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The Paris-based company Vivendi stated that its board had set a “minimum target of €30bn” of valuation for Universal Music.
Vivendi SA (PA: VIV) shares jumped by over 23% on record after the company announced it may spin off its biggest and most profitable business Universal Music Group by the end of 2021. Vivendi also plans to distribute 60% of the company’s shares capital to its investors by the end of the year in a move to capitalise on the rising value of music assets.
Vivendi shares opened 22% higher in Paris and climbed as much as 24% on February 15, its biggest-ever one-day gain since they were listed in 1989. Shares in Bollore SA, the majority holder of Vivendi with more than a quarter shares, also saw an 18% rise.
A vote of the proposal has been scheduled for the latter stages of March and if it is approved by shareholders, the divestment will make Universal Music group an independent company with Vivendi owning just a 20% stake. Vivendi’s business will shrink a bit once it spins out Universal Music Group and will focus solely on, communication agency Havas, mobile games publisher Gameloft, France with pay-TV operator Canal Plus and book publisher Editis.
The French media conglomerate will however be equipped with more firepower as reports suggest billionaire owner Vincent Bolloré will make acquisitions in other areas such as publishing, television, and communications.
The Paris-based company laid out the plan in a statement on Saturday and stated that its board had set a “minimum target of €30bn” of valuation for the recording company. Tencent, a Chinese multinational technology conglomerate exercised its option to purchase a further 10% of UMG at that valuation and that decision took its total stake to 20%.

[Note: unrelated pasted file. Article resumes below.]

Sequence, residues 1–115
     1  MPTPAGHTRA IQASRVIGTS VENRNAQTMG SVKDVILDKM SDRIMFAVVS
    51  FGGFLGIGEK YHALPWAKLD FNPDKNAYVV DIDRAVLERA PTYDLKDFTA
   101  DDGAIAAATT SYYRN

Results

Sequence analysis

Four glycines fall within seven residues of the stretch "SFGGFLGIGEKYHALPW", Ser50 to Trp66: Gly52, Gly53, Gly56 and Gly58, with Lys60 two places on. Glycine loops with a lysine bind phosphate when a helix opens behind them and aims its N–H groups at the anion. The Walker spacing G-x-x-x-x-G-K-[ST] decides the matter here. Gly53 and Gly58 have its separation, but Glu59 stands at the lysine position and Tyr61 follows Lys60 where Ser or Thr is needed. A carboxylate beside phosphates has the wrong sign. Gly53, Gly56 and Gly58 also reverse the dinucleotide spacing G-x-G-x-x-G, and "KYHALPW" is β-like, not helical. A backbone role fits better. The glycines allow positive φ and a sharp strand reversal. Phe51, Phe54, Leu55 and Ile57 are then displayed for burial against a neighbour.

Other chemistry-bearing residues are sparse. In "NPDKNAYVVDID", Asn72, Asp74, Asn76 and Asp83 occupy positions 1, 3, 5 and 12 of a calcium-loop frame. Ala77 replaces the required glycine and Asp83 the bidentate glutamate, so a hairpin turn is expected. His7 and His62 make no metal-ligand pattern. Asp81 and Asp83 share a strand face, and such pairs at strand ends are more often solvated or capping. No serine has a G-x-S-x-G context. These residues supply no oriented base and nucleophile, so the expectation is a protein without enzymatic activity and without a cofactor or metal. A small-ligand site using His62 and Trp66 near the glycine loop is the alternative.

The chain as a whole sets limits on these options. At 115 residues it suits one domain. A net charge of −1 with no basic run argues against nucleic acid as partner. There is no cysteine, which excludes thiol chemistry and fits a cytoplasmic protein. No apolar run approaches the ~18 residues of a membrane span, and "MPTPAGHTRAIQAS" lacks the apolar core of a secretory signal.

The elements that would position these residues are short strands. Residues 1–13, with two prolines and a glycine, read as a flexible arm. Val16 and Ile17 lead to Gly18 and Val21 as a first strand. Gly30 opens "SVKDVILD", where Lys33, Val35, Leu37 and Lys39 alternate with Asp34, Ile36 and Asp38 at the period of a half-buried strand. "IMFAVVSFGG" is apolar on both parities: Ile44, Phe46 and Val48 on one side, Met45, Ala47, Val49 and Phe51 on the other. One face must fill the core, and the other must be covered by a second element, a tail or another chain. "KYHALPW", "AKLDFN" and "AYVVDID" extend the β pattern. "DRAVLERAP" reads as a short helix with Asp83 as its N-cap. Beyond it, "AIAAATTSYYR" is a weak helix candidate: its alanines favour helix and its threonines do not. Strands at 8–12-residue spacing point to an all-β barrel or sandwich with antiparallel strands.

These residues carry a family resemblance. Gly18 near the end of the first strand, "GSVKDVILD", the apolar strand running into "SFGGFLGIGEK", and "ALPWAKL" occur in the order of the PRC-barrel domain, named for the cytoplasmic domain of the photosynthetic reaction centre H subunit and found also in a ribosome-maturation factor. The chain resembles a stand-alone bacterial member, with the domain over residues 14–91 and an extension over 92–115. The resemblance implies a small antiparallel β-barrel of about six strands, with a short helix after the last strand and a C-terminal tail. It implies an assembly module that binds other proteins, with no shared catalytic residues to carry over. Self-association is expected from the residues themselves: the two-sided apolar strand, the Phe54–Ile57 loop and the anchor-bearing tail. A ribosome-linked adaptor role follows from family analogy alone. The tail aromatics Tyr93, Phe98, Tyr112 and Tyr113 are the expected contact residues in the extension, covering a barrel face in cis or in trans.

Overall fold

“The transaction completed in recent days on that basis , as well as interests expressed by other investors at potentially higher prices, have now enabled the management board to consider a distribution of 60% of UMG’s share capital to Vivendi shareholders,” Vivendi stated.
The company’s shareholders would also get an “exceptional distribution” in the renovated UMG shares which would then be listed in Amsterdam where the company would be incorporated. Bolloré turned down an offer from SoftBank for Universal Music Group worth €6.5 billion back in 2013, a decision which threw the company into a pool of speculation as to what they planned to do with the recording company.
In 2017, Vivendi again considered listing UMG on public markets but later circled back on the decision in 2018 stating that it was looking to sell up to half the company subsequently leading to the deal with Tencent.
Universal Music group is the largest in the world as it boasts of Grammy winning artists including Lady Gaga and Kanye West. The company accounted for 45% of Vivendi’s €15.9 billion in sales and 73% its €1.5 billion operating profit.